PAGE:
Polyunsaturated fatty acids, insulin resistance, and atherosclerosis: Is inflammation the connecting link?

Gal Dubnov, Elliot M. Berry

Research output: Contribution to journalReview articlepeer-review

Abstract

We discuss the concept that the two essential (not produced by the body and obtained exclusively through the diet) polyunsaturated fatty acid families-n-6 and n-3 - may play a role in the pathogenesis of insulin resistance through inflammatory pathways. Linoleic acid, the major n-6 fatty acid, is metabolized into pro-inflammatory arachidonic acid, which, in turn, gives rise to leukotrienes and protaglandins. N-3 fatty acids, found in plants and in fish, reduce the levels of arachidonic acid, thereby lowering inflammatory mediator concentrations and increasing insulin sensitization. We discuss these findings and their implications for insulin resistance and their possible effect on coronary heart disease.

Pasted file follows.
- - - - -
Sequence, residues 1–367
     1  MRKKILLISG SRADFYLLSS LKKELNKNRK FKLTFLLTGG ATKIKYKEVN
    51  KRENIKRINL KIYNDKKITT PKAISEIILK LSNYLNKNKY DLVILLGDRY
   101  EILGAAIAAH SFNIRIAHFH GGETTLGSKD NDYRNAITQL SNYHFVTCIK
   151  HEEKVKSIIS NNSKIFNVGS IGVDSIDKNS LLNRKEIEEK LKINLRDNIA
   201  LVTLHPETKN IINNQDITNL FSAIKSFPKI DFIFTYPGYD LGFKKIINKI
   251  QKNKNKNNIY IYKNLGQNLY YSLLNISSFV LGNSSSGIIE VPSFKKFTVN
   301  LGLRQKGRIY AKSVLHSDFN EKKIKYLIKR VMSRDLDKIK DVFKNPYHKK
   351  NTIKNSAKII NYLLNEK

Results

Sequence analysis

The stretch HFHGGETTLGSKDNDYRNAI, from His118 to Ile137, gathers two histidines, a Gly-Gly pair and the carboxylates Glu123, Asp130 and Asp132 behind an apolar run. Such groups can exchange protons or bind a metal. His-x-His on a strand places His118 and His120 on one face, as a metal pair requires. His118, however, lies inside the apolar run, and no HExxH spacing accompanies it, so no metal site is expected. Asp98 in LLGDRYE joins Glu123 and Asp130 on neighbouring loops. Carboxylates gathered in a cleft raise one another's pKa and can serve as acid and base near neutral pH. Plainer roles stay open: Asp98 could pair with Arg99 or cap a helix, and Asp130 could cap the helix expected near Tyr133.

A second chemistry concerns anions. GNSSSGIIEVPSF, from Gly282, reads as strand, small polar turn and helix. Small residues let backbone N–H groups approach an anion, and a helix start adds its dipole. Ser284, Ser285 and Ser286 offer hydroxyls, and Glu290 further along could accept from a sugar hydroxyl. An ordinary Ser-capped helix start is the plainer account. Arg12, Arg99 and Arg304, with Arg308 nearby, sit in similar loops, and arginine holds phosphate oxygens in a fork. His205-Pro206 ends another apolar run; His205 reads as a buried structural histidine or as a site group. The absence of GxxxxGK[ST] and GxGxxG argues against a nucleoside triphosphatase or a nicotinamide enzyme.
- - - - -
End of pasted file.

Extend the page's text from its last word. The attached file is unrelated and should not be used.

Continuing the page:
Original languageEnglish
Pages (from-to)124-128
Number of pages5
JournalMetabolic Syndrome and Related Disorders
Volume2
Issue number2
DOIs
StatePublished - 2004
Externally publishedYes

Fingerprint

Dive into the research topics of 'Polyunsaturated fatty acids, insulin resistance, and atherosclerosis: Is inflammation the connecting link?'. Together they form a unique fingerprint.

Cite this